Bord Gais Energy Theatre > CHRIS WASSER
How easy is it to be fooled by a revolving, theatrical centre-piece? Well, when there are a dozen fired-up New Yorkers battling it out for their voices to be heard, the answer is very, very easy. Go on - try to spot whenever the jury's table moves. You won't. It's a particularly sneaky and surprisingly effective manoeuvre. Reginald Rose's masterpiece, Twelve Angry Men, is full of them.
Everyone remembers the 1957 black-and-white picture - the one with Henry Fonda. A jury of 12 must decide whether or not a 16-year-old boy killed his father. All of the evidence suggests the lad is going to fry in the chair. 11 of the jurors vote 'guilty' - but Juror 8 (here) isn't so sure. Juror 8 is an architect. Juror 8 asks more than what is presented to him. Juror 8 is practically laughed out of the room. That is, until reasonable doubt kicks in.
One by one, Conti convinces the others that maybe there are legitimate evidential holes to consider. It won't be easy for some to see past their prejudices, or - in the case of Juror 3 (an awesome Andrew Lancel) - his own father-and-son issues.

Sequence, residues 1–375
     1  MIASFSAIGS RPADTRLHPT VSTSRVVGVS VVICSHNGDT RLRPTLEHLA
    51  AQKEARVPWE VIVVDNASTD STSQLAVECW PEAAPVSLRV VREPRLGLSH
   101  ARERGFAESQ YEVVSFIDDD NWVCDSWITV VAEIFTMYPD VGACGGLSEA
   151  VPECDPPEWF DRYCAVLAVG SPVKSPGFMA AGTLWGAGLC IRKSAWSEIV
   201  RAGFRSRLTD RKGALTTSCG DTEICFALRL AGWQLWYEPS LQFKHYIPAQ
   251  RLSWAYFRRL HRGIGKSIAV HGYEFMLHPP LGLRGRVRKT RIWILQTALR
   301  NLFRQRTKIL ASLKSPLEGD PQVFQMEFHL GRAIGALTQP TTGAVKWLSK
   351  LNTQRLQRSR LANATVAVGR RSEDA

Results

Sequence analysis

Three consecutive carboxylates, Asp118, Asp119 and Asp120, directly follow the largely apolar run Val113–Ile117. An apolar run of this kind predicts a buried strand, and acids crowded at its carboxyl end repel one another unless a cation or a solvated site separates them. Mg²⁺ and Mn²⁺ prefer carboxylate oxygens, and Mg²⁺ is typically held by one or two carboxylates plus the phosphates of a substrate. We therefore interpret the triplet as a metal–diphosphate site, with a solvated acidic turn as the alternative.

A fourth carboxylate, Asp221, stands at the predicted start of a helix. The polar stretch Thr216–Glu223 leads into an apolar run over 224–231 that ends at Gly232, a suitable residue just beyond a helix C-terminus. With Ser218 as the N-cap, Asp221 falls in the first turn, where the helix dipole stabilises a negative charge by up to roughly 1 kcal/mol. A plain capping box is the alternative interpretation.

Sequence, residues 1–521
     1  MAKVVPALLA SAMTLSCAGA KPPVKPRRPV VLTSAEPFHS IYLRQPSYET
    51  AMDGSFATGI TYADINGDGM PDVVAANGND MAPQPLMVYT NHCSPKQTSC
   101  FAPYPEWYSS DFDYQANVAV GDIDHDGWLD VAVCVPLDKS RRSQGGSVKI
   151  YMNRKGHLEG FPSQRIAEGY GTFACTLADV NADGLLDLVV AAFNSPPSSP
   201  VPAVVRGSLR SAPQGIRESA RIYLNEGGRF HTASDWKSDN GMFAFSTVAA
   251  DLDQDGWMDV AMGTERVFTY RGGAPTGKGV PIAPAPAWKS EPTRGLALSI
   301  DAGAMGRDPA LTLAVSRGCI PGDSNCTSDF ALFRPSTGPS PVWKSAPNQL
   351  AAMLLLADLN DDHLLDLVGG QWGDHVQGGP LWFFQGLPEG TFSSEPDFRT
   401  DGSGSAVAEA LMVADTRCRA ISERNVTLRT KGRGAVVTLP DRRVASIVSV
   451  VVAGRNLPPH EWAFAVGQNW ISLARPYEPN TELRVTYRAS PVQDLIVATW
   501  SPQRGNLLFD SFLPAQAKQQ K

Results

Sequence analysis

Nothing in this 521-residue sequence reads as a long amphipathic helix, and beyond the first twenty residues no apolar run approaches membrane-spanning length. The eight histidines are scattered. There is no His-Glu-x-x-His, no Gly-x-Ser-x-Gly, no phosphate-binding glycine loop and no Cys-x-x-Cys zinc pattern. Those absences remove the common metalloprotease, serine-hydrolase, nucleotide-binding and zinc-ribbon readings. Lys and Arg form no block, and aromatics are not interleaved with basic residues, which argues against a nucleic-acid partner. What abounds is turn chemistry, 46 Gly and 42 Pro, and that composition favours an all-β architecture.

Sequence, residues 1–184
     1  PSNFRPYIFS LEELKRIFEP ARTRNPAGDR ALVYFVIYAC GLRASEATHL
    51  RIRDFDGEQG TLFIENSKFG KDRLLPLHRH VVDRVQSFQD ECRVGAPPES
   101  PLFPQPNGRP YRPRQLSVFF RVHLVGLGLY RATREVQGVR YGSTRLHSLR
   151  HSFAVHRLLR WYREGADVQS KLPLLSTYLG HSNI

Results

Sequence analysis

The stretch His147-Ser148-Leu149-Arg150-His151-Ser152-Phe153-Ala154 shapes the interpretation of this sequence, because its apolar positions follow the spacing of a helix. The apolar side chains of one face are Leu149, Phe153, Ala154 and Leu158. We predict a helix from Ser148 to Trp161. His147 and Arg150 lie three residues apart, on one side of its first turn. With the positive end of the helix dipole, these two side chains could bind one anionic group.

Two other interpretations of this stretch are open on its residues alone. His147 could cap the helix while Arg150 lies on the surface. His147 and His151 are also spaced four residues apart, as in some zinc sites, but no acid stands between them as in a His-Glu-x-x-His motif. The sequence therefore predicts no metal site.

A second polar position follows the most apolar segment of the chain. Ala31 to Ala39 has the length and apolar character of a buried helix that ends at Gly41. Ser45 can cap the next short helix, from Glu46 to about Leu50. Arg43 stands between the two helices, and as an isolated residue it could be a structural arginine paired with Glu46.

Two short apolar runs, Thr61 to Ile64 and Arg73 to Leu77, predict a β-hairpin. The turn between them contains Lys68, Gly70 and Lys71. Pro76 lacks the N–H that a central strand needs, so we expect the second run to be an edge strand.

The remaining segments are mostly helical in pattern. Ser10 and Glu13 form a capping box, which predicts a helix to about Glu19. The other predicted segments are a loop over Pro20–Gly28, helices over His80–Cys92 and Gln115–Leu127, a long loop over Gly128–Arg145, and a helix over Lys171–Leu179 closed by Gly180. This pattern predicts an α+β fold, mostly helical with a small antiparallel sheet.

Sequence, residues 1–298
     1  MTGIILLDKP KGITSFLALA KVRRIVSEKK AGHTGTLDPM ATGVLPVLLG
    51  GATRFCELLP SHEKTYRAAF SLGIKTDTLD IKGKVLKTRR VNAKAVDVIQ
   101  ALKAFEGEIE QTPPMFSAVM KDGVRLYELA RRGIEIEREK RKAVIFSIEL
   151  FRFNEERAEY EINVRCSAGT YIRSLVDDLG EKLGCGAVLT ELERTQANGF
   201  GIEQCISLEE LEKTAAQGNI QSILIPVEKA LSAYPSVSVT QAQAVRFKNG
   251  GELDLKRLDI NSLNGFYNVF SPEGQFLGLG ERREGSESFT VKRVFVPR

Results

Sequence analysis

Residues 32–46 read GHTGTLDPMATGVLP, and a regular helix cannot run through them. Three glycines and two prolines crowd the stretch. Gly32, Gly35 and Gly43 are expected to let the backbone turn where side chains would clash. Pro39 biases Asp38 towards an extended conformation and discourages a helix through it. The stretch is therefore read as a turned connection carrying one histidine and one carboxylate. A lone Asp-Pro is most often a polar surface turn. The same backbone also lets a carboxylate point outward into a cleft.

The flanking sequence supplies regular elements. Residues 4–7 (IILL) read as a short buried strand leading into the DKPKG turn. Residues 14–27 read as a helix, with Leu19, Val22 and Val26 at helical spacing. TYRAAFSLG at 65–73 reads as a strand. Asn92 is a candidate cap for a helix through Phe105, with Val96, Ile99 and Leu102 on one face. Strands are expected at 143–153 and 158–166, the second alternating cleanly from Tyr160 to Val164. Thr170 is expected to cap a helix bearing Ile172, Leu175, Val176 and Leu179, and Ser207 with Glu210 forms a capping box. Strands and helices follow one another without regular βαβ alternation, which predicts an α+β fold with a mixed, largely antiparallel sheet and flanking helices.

Conti's scholar-like turn as Juror 8 is something else indeed. It's a war of words - David Mamet would have been proud to call this one his own. And yet, it rarely resorts to name-calling, or petty put-downs.
Fisticuffs, maybe, but the angry men talk it out. There are 12 egos in the mix and it's a pleasure to watch them spark off of one another. The set is astoundingly realistic; the acting, about as natural and convincing as anything we've seen on a stage this year, and the script? It'll keep you guessing. Gripping stuff.
Ends Tonight. HHHHI